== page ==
One week ago, US Attorney General Eric Holder delivered a speech asserting the right of the president to secretly order the assassination of American citizens. Citing the so-called “war on terror,” he claimed that this never-before-asserted authority was lawful under the president’s war-making powers and was not subject to judicial review.
Holder stressed that the president’s power to order extra-judicial killings was part of a range of powers including the abduction of suspected terrorists and their indefinite internment, without trial, either in civilian or military prisons. Having noted that terrorists “reside within our own borders,” he insisted that the government’s authority to use lethal force was “not limited to the battlefields of Afghanistan.”
In an attempt to give a constitutional gloss to this assertion of police-state powers, Holder made the astonishing assertion that “due process and judicial process are not one and the same… The Constitution guarantees due process, not judicial process.”
The speech was in response to pressure on the administration to provide a legal rationale for the targeted killing of three US citizens in Yemen last fall. Anwar al-Awlaki, an alleged Al Qaeda leader, was killed in a drone attack along with another US citizen, Samir Khan. Two weeks later, Awlaki’s 16-year-old son, Abdulrahman Awlaki, was killed in a separate drone attack.
One would think that such a sweeping and extraordinary speech, asserting the right of the US government to summarily kill its own citizens, would become the focus of political discussion and the topic of heated debate. In fact, the media and the political establishment virtually ignored it. None of the three network news programs mentioned it. Articles in the major newspapers reporting the speech were relegated to the inside pages.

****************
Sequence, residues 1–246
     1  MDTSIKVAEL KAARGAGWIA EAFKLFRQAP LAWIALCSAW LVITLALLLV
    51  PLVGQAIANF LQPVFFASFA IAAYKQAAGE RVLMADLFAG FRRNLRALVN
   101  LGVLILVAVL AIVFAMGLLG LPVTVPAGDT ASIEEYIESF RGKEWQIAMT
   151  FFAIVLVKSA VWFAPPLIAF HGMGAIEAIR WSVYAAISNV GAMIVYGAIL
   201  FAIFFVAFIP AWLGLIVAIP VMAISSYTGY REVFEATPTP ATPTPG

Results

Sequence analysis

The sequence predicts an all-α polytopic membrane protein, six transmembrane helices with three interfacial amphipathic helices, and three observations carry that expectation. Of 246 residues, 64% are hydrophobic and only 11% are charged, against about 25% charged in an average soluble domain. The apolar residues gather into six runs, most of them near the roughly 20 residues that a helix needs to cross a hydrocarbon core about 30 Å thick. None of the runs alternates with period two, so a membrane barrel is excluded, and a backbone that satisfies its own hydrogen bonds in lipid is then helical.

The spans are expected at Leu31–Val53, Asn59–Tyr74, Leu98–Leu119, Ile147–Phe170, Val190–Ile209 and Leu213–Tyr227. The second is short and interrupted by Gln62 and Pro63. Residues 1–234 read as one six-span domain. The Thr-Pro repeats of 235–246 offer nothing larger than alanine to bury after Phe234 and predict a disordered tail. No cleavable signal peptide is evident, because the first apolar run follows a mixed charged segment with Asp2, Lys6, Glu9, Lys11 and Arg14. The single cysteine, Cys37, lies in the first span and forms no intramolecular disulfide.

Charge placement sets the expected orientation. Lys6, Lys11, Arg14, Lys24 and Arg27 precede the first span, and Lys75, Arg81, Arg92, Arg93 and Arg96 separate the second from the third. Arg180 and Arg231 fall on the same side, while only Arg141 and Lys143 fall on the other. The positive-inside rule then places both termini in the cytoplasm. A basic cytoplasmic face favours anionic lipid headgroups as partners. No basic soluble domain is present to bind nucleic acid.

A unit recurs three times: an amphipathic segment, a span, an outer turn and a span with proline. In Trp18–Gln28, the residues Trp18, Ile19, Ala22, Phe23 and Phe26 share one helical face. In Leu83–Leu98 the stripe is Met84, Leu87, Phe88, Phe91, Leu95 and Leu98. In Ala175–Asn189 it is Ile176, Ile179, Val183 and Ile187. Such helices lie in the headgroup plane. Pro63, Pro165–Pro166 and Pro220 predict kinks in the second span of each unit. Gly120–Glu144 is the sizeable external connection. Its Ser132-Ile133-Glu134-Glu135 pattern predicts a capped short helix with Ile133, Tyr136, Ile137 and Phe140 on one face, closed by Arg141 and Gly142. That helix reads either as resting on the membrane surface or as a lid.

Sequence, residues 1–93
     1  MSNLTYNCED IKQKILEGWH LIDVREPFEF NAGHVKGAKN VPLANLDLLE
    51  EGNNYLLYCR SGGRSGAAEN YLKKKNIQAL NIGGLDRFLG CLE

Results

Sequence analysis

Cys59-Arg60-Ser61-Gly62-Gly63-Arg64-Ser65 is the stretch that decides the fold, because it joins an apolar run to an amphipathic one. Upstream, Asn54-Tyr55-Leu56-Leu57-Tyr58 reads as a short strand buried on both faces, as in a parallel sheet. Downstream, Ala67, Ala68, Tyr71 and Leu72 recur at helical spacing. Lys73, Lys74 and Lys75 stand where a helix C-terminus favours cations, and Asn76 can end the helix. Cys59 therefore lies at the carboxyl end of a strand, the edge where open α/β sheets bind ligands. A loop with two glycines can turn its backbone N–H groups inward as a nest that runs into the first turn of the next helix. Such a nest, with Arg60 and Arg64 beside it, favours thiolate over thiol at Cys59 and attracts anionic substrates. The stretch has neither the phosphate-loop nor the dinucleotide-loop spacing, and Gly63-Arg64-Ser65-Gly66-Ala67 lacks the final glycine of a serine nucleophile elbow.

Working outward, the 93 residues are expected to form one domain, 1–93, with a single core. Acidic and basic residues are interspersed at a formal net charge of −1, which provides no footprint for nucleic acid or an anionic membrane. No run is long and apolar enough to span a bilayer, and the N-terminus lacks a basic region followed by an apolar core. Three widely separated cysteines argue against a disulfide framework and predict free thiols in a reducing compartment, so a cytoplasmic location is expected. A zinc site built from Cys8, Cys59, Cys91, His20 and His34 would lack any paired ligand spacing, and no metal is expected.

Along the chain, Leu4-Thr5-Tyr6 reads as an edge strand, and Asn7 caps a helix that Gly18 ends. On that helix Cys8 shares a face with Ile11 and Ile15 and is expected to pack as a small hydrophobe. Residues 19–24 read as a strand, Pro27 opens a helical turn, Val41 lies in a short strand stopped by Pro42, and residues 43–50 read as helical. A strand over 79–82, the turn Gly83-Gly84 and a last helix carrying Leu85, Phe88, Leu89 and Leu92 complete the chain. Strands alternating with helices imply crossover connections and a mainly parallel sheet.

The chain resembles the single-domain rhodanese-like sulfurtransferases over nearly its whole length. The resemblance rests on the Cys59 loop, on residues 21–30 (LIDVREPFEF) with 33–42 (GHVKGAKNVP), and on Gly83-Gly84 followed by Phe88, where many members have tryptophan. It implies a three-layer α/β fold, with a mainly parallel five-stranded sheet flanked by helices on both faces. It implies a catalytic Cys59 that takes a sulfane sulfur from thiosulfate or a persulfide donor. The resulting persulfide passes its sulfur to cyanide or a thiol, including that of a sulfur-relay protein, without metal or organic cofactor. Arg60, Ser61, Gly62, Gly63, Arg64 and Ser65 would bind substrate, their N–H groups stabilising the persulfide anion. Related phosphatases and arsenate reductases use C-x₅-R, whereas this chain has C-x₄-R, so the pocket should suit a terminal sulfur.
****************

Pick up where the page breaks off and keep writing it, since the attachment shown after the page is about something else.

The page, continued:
Last Tuesday, the day after Holder’s speech, Obama held his first White House news conference of the year. Not a single reporter asked Obama about the speech or raised the issue of presidential assassinations.
It is a measure of how far the decay of American democracy has progressed that some four decades ago the House Judiciary Committee voted to impeach Richard Nixon for “abuse of power” and “violating the constitutional rights of citizens” by ordering punitive tax audits and illegal wiretaps. Today, when the arrogation of dictatorial powers has reached the point of ordering the extra-judicial murder of citizens, there are not only no calls for impeachment, the issue is not even the subject of debate.
It took the New York Times six days to comment on the attorney general’s speech. What it produced in an editorial published Sunday is a statement raising objections of a minor and procedural character while endorsing Holder’s basic argument and evading any consideration of its immense and ominous constitutional implications.
“A president has a right to order lethal force against conventional enemies during conventional war,” the Times declares, “or against unconventional enemies in unconventional wars.” [Emphasis added]. This is a blanket endorsement of the “war on terror” and the US government’s proclaimed right under that pretext to murder those who run afoul of American imperialist interests.